DIY a beautiful, unbreakable Terra Cotta Garden Clock

It’s day two in this week’s clock series and it’s time to make a Terra Cotta Garden Clock – only it’s not made from terra cotta. This terra cotta clock will never shatter into hundreds of pieces, destroying all of your hard work. The secret, says designer Lorine Mason, is to use flexible and forgiving air-dry clay that only looks like the real thing. And speaking of the real thing, Lorine used real geranium leaves to imprint the clay. Feel free to use your gardening favorites.

You can make this "terra cotta" garden clock using air-dry clay. The clay is easy to work with and won't shatter like real terra cotta.

Terra Cotta Garden Clock by Lorine Mason

To make a Terra Cotta Garden Clock, you’ll need:

  • STYROFOAM™ Brand Foam: 12″ x 10″ x 1″ block, or a 12” x 36” x 1” sheet
  • Air-dry clay in terra cotta
  • Woven placemat or textured fabric, such as burlap
  • Acrylic craft paints: Metallic gold; metallic green patina; dark green
  • Acrylic sealer in a matte finish
  • Fresh geranium leaf
  • Number stickers
  • Flat-backed glass cabochons
  • Clock movement and hands
  • Fine-line black permanent marker
  • Sawtooth picture hanger with nails
  • Thick, white craft glue
  • Tools needed: Serrated knife; old candle or bar of soap; sharp pencil; ruler; rolling pin; scissors; scallop edge scissors; small flower shaped cookie cutter; medium flat paintbrush; small natural sponge; old toothbrush; large cardboard box

To make a Terra Cotta Garden Clock:

1. Measure and mark a 9” square on your foam sheet. Wax serrated knife with a candle stub or bar of soap. Cut out the 9” square. Firmly press the sides of the square against the work surface to smooth the cut edges and round the corners. Push a pencil tip through center of clock to create a hole for clock movement.

2. Roll clay to 1/8″ thickness. Cover the top and sides of the foam square with clay, piecing seams as needed. Gently press out air bubbles while working. Use rolling pin or work surface to smooth any visible fingerprints, then press placemat or fabric into clay to create texture.

3. Roll clay to 1/8″ thickness. Press geranium leaf, vein side down, into clay. Repeat, till you have ten leaf imprints. Cut out each leaf with scissors, cutting ¼ away from the leaf outline. Cut along the outline of each leaf with scallop scissors, creating a ruffled edge.

4. Roll thin ropes for leaf stems.

5. Attach stems and leaves to the clock by lightly coating the back of each clay shape with water, and then gently pressing to the surface. Refer to the photo for placement.

Detail on faux, terra cotta garden clock.

Make the geranium from smaller flowers. Attach all of the pieces with water.

6. The geranium flower is made from small, individual flowers. Roll clay to 1/8″ thickness. Use flower cutter to cuts out several flowers. Using scissors, snip clay between petals, cutting almost to the center. Pinch the center together to gather the petals, moisten the back with water and press to the front of the clock. Repeat, overlapping flowers, till you’ve created a geranium.

7. Let dry overnight. Color will lighten as clay dries. If a clay piece come loose, gently remove and re-attach.

8. Sponge paint raised areas with gold, and let dry. Sponge again with green patina and let dry. Repeat, sponging on gold and green, till you’re happy with the finish.

9. Place the clock in a box. Spatter paint with dark green by barely dipping toothbrush bristles into the paint, and then dragging your thumbnail across the bristles. Let dry.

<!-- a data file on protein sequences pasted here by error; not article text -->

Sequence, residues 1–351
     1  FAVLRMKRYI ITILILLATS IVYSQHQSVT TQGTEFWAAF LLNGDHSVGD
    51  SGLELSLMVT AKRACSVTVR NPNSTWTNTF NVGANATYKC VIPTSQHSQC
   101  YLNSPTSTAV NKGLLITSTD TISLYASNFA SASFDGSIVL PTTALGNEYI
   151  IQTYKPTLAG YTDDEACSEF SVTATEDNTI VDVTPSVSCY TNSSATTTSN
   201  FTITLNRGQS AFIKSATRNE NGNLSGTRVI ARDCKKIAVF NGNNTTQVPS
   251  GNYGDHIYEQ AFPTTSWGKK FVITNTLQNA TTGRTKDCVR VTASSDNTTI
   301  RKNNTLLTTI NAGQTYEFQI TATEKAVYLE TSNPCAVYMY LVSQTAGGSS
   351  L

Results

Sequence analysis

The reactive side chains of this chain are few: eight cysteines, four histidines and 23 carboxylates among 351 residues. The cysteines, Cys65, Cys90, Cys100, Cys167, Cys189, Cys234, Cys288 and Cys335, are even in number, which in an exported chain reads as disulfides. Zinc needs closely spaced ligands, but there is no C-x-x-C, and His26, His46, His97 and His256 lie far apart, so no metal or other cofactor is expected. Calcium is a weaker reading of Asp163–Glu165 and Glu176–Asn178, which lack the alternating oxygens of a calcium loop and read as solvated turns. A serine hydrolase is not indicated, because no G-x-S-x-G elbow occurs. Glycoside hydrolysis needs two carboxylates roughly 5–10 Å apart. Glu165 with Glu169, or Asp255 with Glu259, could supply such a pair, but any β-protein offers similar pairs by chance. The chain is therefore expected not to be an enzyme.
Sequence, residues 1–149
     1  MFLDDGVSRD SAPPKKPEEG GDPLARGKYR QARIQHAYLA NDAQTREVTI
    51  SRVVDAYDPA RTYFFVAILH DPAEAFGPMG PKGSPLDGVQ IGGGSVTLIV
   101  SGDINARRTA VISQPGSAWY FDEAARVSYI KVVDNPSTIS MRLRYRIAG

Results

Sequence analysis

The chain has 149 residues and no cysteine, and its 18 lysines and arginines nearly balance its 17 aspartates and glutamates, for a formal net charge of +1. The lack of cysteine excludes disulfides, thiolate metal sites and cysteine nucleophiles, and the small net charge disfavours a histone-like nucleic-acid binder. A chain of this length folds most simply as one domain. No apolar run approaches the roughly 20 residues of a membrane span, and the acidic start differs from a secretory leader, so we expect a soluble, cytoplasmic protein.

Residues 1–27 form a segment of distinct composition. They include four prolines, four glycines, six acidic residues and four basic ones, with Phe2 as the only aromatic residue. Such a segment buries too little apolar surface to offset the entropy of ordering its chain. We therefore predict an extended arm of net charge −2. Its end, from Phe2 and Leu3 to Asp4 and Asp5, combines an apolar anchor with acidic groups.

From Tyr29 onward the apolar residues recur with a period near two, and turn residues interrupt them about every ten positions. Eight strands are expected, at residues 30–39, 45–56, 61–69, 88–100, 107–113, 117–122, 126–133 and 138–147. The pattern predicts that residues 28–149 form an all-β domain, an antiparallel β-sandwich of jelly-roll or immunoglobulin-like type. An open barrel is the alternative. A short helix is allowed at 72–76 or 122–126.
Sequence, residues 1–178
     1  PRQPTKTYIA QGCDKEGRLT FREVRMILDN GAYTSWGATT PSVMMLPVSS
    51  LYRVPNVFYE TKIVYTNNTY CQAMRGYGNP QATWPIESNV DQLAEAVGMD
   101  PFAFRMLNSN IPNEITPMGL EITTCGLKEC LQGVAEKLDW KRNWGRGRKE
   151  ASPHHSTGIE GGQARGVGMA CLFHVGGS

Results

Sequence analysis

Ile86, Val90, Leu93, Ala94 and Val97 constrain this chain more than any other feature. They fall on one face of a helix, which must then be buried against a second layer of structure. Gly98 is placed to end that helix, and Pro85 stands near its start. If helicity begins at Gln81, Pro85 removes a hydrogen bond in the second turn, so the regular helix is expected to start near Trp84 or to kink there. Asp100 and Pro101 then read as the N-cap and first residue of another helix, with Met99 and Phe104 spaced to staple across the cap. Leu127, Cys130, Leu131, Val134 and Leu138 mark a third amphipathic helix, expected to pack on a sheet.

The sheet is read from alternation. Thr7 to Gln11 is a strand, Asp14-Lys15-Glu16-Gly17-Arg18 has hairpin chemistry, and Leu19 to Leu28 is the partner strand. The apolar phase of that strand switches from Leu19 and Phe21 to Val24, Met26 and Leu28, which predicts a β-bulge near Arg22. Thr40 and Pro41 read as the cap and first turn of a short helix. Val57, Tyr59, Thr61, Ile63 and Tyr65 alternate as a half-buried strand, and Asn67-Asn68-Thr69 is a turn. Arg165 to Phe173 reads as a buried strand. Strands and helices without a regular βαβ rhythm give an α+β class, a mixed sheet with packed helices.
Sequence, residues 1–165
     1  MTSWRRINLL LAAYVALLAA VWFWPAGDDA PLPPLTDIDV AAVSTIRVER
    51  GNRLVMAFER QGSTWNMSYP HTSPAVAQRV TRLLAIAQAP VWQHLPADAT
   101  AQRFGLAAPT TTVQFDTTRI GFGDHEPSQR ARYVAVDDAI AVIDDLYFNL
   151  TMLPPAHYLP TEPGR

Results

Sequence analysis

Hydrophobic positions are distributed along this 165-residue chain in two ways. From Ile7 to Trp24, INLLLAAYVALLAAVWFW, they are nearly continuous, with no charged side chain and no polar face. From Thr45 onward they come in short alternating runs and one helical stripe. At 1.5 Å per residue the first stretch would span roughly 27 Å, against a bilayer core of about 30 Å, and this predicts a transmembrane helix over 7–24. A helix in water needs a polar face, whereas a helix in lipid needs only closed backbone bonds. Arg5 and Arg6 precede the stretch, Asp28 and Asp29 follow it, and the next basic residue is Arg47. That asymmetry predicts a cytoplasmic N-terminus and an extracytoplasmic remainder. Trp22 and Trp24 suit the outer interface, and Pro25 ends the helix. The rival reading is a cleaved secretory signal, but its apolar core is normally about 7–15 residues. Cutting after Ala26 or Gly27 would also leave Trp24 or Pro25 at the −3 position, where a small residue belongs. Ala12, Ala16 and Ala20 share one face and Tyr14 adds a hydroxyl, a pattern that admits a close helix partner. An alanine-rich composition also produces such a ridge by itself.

10. Apply two coats of matte sealer; let dry.

Clear glass cabochons protects the number stickers.

Glue a clear glass cabochon over the number stickers.

11. Following manufacturer’s instructions, insert clock movement. Adhere number stickers at 12, 3, 6 and 9 o’clock. Glue cabochons on top of the stickers; let dry.

12. Apply glue to picture hanger nails, and then insert them through the sawtooth picture hanger and into the top, center back of the clock. Let glue dry.

You might also like to check out the Terra Cotta Garden Spheres Lorine made using air-dry clay.

Craft tutorial: How to make "terra cotta" garden spheres using air-dry clay. These will not shatter!

Terra Cotta Garden Spheres by Lorine Mason.

I’ll have one more clock for you tomorrow, and it’s out of this world . . .

Happy crafting.

Sharon  

This entry was posted in Craft Tutorial, Garden Art, Gift Ideas, Home Decor and tagged , , , . Bookmark the permalink.

16 Responses to DIY a beautiful, unbreakable Terra Cotta Garden Clock

  1. Pingback: 32 Fun Summer DIY Backyard Projects | The Gracious Wife

  2. SO IMPRESSIVE! What beautiful work!

    • Sharon says:

      Thank you, and so glad you stopped by. I can’t take credit for this beautiful piece — designer Lorine Mason is the talent behind it. Sharon

  3. roylcoblog says:

    I adore this kind of work. You would never guess what the base is just for the fact that it is painted to look like actual terra cotta. Lovely work!

    • Sharon says:

      Thank you! So glad you’re inspired. And yes, the faux finish is amazing, and so much more durable than the real thing. All good! Sharon

  4. Sar Tann says:

    This is just gorgeous!!! Would love to see more projects such as this.

  5. m-a says:

    Good timing… I was looking for a way to make this kind of patina for my project. Thank you.

  6. Heather says:

    Wow! Impressive, lovely AND functional!

  7. Lorine Mason says:

    I loved seeing this design on your site. It was so much fun making that piece and really not hard at all, I promise.

    • Sharon says:

      Thank you for the feedback and encouragement, Lorine. (I’m working on another one of your designs right now, to feature in a week or two . . .) Sharon

  8. LisaM says:

    Wow, is right. Those are so cool looking.

  9. jknath1kim says:

    Wow, that is amazing!

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